Investigation of the Lifespan for Wheelchair Cushions used on a Daily Basis
Rivard, David M.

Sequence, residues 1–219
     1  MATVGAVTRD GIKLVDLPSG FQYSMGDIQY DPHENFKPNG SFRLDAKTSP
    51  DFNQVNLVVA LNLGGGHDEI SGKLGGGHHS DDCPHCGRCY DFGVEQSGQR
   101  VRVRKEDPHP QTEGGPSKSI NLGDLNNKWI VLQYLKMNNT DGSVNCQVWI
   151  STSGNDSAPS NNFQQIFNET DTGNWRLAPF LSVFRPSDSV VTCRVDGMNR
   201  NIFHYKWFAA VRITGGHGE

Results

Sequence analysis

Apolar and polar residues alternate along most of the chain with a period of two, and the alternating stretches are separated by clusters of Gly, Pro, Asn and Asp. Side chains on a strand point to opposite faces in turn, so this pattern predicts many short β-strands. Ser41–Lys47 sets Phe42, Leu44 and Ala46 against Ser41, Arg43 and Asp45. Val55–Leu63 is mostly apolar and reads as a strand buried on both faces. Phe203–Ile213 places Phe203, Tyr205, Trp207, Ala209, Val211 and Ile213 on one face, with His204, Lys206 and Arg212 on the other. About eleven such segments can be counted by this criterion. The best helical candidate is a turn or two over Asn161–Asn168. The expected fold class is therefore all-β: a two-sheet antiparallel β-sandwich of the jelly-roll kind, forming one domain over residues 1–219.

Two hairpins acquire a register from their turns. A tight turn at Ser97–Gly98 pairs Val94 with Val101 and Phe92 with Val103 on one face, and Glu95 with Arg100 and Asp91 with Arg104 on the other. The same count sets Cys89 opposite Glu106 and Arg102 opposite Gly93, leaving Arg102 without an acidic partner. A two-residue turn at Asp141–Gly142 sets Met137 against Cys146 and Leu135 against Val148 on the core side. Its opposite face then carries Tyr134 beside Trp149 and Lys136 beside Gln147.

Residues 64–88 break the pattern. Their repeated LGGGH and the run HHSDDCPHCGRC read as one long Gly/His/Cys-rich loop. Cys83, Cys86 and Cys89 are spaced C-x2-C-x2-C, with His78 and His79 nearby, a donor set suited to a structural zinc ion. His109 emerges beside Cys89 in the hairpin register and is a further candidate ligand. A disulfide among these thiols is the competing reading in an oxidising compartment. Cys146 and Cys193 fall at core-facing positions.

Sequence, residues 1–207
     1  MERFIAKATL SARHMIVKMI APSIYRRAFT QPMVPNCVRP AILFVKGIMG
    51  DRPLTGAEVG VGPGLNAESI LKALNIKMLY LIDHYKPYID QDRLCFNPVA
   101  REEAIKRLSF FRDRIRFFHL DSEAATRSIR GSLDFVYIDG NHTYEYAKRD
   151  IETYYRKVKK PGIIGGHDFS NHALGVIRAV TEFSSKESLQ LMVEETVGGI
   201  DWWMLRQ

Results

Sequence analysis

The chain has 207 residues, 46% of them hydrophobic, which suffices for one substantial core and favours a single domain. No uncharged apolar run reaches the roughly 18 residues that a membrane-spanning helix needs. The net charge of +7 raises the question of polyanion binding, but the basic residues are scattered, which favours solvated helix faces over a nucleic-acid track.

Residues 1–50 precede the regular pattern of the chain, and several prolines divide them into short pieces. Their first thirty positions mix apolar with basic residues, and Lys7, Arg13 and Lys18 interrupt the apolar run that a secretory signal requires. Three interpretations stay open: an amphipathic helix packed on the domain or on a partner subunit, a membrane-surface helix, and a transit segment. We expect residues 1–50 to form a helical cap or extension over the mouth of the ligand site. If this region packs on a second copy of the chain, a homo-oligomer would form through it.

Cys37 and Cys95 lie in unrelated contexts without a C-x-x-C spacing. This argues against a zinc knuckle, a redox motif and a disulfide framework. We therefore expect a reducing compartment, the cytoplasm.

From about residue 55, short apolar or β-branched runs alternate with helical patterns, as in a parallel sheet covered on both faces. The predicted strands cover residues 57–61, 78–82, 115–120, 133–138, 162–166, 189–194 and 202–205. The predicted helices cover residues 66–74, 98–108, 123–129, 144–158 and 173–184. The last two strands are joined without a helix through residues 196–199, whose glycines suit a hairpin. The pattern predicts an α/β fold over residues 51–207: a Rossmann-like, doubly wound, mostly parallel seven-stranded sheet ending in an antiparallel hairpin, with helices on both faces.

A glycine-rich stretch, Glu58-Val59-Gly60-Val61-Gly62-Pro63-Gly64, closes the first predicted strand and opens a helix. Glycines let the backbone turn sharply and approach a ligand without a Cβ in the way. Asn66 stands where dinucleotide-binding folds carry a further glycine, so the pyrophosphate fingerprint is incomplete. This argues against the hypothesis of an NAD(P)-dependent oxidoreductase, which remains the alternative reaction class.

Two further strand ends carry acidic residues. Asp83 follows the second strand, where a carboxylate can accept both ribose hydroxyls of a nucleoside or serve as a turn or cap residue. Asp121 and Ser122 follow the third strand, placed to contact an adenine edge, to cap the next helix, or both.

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Wheelchair cushions function to mediate seating pressures and provide postural stability. For the majority of cushions used on average 12 hours daily, the cover and interior components degrade at varying rates while performance for their intended purposes diminishes resulting in an increased risk for skin health deterioration and inadequate postural support. While age and use are determinants of cushion degradation, additional factors or combinations of factors contribute to rate of wear. At present there is no validated metric whereby clinicians and users may asses cushion condition and replacement of a potentially worn cushion. A multiple phase collaborative research project conducted at the Shepherd Center is currently testing the functionality and degradation of wheel chair cushions. Preliminary visual assessments indicate that some cushions are used inadequately while others responded to postural deformities. Loaded contour depth analysis revealed that age and cushion construction alone are not significant predictors. A supplementary benefit from this study is the documentation of critical factors to cushion wear and failure; whereby, clinicians and users can be educated on proper care and preventative measures to reduce wear; whereby, optimizing health benefits for the user and possibly increasing the lifespan of the cushion.